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When preparation meets opportunity

CMU graduate secures dream career with the Mesa County Coroner's Office

Landing your dream job out of college isn’t easy, but for recent Colorado Mesa University graduate Alexis Prall this is her reality.

Prall wanted a career in criminal justice ever since she was young. It wasn’t until she was on CMU’s campus that she realized the scope of possibilities available.

“Once I got to college, I was drawn to investigative work specifically surrounding deaths,” said Prall.

Prall took a course called Forensic Anthropology with Professor of Forensic Anthropology Melissa Connor, PhD, and found working with skeletal remains intriguing. 

“I think it's really interesting to be able to learn so much from a person, even after death,” said Prall. “There's so much information to learn and discover. It's also an honor to uncover the last story of a loved one’s life.”

She became an intern with the Forensic Investigation Research Station (FIRS) — a CMU research facility that focuses on the decomposition of human remains.

“Students are trained on working in the outdoor area with the human remains, taking data for research projects, placing remains and picking them up for maceration. Maceration is cleaning remaining tissue off the body so that a clean skeleton can be added to our skeletal collection,” said Connor. “In addition, most interns complete an additional project. Alexis was completing the analysis, photography and write-up of a skeleton in our collection.”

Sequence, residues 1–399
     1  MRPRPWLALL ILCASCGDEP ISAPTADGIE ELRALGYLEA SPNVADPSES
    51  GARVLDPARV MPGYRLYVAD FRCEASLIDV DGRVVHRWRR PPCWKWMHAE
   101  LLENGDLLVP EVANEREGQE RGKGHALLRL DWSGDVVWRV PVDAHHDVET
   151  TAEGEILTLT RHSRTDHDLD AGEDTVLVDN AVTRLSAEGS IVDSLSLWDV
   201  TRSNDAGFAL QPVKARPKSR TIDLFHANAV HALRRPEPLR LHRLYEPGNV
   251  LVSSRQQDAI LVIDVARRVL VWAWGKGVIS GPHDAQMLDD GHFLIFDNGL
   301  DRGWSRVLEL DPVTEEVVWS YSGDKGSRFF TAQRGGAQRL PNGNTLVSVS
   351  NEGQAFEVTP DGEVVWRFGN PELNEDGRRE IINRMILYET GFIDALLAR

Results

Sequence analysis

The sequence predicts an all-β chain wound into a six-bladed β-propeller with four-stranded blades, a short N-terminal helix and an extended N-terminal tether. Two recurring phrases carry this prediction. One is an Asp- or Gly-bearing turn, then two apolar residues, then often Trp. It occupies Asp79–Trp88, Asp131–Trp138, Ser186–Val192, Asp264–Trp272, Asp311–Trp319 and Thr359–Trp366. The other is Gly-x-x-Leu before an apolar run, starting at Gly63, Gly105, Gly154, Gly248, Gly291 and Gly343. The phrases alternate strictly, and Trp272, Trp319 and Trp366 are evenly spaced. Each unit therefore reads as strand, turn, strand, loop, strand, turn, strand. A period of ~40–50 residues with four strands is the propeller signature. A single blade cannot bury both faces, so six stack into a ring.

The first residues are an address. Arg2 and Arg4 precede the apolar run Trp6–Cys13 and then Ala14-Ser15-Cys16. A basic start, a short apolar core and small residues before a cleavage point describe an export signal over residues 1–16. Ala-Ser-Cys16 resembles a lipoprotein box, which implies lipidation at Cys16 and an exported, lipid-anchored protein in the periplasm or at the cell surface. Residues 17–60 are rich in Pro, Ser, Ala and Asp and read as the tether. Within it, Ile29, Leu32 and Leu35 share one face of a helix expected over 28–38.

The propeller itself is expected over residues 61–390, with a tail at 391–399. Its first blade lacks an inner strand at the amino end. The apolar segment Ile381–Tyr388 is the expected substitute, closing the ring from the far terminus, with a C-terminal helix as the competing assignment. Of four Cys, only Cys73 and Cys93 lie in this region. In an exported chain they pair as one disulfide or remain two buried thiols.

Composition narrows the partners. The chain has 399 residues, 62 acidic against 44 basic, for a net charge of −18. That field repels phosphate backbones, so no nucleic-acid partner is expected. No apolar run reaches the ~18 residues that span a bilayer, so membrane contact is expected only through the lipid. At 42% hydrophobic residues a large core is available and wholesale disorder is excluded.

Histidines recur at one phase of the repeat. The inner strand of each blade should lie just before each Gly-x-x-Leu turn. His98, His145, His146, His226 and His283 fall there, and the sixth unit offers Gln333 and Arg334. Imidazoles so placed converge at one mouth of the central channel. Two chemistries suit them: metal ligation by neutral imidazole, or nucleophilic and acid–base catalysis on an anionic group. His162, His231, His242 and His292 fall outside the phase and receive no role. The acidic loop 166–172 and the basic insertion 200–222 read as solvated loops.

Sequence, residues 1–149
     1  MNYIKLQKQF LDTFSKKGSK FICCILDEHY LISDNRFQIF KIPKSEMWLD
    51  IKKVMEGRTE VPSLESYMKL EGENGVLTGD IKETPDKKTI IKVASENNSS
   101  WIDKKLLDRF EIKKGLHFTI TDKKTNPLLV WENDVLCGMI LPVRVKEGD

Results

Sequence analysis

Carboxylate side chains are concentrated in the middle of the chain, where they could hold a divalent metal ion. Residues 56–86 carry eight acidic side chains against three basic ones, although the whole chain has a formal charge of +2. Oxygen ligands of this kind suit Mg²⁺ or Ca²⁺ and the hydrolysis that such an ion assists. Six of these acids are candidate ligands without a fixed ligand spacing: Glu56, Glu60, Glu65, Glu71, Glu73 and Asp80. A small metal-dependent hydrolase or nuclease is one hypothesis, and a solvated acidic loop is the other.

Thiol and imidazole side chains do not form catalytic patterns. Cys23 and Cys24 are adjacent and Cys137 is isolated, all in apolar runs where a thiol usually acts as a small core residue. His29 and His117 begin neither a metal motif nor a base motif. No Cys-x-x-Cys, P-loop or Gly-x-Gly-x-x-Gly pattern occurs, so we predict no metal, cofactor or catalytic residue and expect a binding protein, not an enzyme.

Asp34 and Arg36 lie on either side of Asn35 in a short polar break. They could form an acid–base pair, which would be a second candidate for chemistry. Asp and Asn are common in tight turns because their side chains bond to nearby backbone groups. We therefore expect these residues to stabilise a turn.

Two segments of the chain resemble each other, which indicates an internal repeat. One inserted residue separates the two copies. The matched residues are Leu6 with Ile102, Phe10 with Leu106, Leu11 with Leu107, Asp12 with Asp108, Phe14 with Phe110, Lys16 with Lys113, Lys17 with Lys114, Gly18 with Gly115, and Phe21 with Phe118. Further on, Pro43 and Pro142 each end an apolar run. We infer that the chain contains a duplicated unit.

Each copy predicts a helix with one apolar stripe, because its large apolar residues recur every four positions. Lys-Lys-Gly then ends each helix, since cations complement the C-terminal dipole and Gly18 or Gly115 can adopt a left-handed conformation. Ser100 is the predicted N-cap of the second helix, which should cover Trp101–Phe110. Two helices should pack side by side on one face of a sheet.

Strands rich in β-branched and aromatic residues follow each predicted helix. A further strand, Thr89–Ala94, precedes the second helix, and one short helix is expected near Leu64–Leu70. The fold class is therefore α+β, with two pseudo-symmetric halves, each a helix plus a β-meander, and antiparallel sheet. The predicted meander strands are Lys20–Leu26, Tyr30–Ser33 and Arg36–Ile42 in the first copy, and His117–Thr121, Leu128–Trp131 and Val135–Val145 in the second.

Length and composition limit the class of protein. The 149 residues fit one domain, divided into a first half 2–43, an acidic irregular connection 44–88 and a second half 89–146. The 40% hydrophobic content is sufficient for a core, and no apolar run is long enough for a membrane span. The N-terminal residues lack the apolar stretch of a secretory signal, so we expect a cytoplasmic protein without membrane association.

Because of COVID-19, Prall’s internship with FIRS was cut short. Fortunately for Prall, she was able to intern with the Mesa County Coroner’s Office (MCCO) and when the semester ended she was hired on as a medicolegal death investigator.

"She will be assisting with investing deaths that occur in Mesa County to determine the cause and manner of death,” said Mesa County Coroner Victor Yahn. "We see very horrific things every day and it takes a special person to do the job. Her work at the university laid a solid foundation for her."”

Prall’s internship with FIRS gave her the hands-on learning experiences, which prepared her to be a MCCO deputy coroner.

Prall says landing her dream job is unbelievable.

“I am very fortunate to have received this opportunity. With COVID and everything being uncertain, I thought it was going to be nearly impossible to land a criminal justice job after graduation. Now I don't just have a job, but I'm starting my dream career way sooner than I thought possible,” she said.

“Landing a “dream job” straight out of college is not luck — it is having worked hard enough, long enough to be able to take advantage of opportunities when they arise,” said Connor. “It’s a matter of focusing on coursework, and also looking for internships, related work opportunities and anything that will help a student get that first toe in the door.”

Prall said every day on the job is different and she’s constantly learning.

“It has been interesting to learn the different ways to approach each type of scene. It's really fascinating to see the parallels between what I learned in college to how I'm now able to apply it to my career,” said Prall.

Prall said Connor as well as other criminal justice faculty’s support helped her thrive and made the learning experience enjoyable.

“What was Thomas Jefferson’s quote? ‘I’m a great believer in luck, and I find the harder I work, the more I have of it.’ Alexis prepared so she was ready to take advantage of the opportunity when it arose,” said Connor.



Written by Kelsey Coleman